The microbiology toolbox includes techniques to induce mutations in viruses that give the microbes new powers. Scientists perform these manipulations for many reasons, including wanting to understand how the microbes evade detection by our immune systems. But adding capability to a pathogen carries obvious risks, especially if this “gain of function” involves enhanced virulence or infectiousness. Escape from a lab, by accident or design, is a possibility. So why do it? Some researchers argue the work can offer a peek at what a virus can do before it goes into the natural world and poses a threat to people.
Controversy over gain-of-function research has generated academic papers, conferences and even a moratorium in 2014, when the U.S. government paused funding for three years until steps could be taken to ensure the safety of the procedure. Debate about gain-of-function experiments continues in the latter phases of the pandemic as thoughts turn to the “next one” or a possible second act for COVID-19. Science policy makers must wrestle with defining the rare instances in which the benefits of experiments that enhance a virus’s capacity to survive and flourish in human hosts outweigh any risks.
Densely technical discussions often bog down over the very definition of gain of function. Recently, semantics were front and center in the debate over whether National Institutes of Health–funded work at the Wuhan Institute of Virology (WIV) in China constituted gain-of-function research, a contention denied by the U.S. agency. The WIV has also been the focus of a revived dispute over whether SARS-CoV-2, the virus that causes COVID-19, escaped from its facility.
Here are a few basic answers to questions about why an obscure technical term now receives so much attention.
What is gain of function research?
Techniques to enhance some aspect of an organism’s functioning are commonplace in research and applied to everything from mice to measles. One typical application of this approach is tweaking mouse genes to generate more of a protein that limits fat deposition.
But that is not the kind of gain-of-function study that raises fears among scientists and regulators. The high-risk practices are those that create mutations to examine whether a pathogen becomes more contagious or lethal as a means of estimating future threats.
Some experts acknowledge the critical differences between the two types of studies. One proposed term to represent the more threatening subset of this research is “potential pandemic pathogens,” says Marc Lipsitch, a professor of epidemiology at the Harvard T. H. Chan School of Public Health. That phrase “singles out the name and reason for being concerned,” he adds. It has not caught on in common usage, however, returning only about 8,500 results in a Google search, compared with 13.4 million for “gain of function.”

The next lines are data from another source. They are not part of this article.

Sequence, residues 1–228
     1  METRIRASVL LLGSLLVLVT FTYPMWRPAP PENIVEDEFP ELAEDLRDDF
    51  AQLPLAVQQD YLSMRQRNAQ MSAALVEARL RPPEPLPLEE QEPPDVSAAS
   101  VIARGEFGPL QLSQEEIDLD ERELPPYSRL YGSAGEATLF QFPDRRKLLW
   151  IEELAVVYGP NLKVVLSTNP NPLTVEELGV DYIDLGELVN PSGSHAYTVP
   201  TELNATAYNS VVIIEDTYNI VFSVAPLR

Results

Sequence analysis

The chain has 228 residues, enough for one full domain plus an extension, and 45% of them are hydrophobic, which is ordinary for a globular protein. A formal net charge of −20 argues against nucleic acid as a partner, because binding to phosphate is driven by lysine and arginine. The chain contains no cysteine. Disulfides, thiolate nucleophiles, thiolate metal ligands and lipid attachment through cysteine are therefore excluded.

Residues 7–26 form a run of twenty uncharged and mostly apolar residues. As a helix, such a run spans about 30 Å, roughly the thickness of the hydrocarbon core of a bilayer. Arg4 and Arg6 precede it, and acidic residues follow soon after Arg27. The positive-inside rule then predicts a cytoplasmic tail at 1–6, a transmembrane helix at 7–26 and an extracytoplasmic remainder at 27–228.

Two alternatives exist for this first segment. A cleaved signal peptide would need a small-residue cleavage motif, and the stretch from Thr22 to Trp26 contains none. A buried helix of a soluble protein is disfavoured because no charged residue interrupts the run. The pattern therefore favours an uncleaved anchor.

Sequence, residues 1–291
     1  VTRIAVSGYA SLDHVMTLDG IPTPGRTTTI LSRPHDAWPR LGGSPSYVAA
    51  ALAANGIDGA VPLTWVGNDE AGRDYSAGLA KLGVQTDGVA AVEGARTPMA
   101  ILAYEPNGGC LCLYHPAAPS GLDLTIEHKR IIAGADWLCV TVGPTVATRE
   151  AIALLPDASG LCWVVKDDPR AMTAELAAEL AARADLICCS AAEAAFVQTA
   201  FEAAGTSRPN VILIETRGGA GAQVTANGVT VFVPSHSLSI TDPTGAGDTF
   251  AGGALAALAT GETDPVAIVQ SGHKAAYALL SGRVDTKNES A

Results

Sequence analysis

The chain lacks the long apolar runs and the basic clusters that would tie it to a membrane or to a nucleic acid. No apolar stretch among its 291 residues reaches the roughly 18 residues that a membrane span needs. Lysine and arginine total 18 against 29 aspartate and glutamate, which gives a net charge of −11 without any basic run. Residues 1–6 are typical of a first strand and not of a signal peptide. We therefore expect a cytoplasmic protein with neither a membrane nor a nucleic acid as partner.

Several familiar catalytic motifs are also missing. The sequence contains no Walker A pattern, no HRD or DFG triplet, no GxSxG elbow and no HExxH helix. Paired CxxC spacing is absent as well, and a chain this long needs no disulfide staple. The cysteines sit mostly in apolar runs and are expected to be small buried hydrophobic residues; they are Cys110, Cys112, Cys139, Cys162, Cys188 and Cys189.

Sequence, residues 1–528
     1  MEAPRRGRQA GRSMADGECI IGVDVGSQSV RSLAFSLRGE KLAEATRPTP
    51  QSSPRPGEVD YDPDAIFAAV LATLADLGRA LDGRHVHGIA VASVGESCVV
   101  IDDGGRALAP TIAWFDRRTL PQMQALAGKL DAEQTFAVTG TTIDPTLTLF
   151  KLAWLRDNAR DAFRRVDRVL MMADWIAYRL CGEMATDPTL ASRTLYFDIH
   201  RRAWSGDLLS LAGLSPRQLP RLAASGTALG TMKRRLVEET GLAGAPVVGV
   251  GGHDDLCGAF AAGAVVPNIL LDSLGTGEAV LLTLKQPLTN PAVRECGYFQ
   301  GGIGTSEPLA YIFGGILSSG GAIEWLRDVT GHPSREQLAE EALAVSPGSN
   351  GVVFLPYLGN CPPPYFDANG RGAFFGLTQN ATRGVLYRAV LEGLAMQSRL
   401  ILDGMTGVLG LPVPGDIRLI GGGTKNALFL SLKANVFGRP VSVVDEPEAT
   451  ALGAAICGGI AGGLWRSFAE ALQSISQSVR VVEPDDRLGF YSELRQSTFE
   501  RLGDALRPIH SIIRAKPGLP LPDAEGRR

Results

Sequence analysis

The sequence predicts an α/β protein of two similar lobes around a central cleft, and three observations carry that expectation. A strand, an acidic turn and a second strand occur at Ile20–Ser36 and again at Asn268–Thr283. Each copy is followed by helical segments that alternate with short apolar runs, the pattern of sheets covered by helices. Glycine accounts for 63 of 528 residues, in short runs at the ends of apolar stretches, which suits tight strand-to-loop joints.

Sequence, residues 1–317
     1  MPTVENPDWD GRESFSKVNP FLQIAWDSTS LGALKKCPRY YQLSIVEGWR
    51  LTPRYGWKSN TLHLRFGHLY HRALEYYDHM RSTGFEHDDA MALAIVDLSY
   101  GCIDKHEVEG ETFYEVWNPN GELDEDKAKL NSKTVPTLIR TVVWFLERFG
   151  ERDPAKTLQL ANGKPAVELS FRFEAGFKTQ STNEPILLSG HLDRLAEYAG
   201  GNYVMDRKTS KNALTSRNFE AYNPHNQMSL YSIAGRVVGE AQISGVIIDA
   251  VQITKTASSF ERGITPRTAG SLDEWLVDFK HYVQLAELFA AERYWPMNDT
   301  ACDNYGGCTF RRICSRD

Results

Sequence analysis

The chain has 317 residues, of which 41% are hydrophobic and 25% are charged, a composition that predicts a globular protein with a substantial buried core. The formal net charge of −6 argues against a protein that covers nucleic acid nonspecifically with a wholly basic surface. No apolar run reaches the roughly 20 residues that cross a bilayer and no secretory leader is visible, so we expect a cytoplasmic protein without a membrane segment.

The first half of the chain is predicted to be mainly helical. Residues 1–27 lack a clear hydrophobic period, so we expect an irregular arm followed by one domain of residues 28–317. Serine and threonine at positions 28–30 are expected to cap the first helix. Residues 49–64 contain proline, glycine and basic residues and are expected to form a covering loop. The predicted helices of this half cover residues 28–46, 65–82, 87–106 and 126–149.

Making this distinction is important for a few reasons, Lipsitch says. When the U.S. government placed the 2014 moratorium on “gain of function research,” some of the studies that were affected carried no obvious risk of setting off a pandemic.
What is the purpose of this research?
Knowing what makes a microbe more dangerous enables preparation of countermeasures, says Lipsitch, who is one of 18 signatories to a May 14 letter, published in Science, that calls for the investigation of a SARS-CoV-2 lab spillover as one of several possible explanations for the origins of the COVID-19 pandemic. He points to the difficulties of studying viruses for the development of vaccines and treatments without doing experiments in a mouse or in other nonhuman animals. There is, Lipsitch says, a “direct path from doing that research to gaining public health benefits,” enabling a balancing of risks and potential benefits.
The riskier version of gain-of-function research creates viruses with abilities they do not have in nature. In two separate studies in 2011, scientists famously and controversially did just that with the H5N1 influenza virus, or “bird flu,” resulting in a version capable of airborne transmission among ferrets. The naturally occurring virus does not have this ability. Making mammal-to-mammal transmission easier set off alarm bells and triggered discussion of a U.S. moratorium.
In 2015 researchers engineered a hybrid pathogen that combined features of the original SARS virus (SARS-CoV) that infected humans in the early 2000s with that of a bat coronavirus. Most bat coronaviruses cannot infect the cells lining the human respiratory tract. This experiment was intended to mimic what would happen if a third species served as a mixing vat for the bat and human viruses to exchange genetic material. The result was a pathogen that could enter human cells and also cause disease in mice. Reactions to this work were polarized, as demonstrated by experts quoted in a 2015 article in Nature: one said that all the research did was create a “new, non-natural risk” among the multitude that already exist, while another contended that it showed the potential for this bat virus to become a “clear and present danger.”
Experts in the latter camp argue that gain-of-function virus studies can presage what will eventually happen in nature. Speeding things up in the lab gives researchers firsthand evidence about how a virus might evolve. Such insights could drive predictions about future viral behaviors in order to stay a step ahead of these pathogens.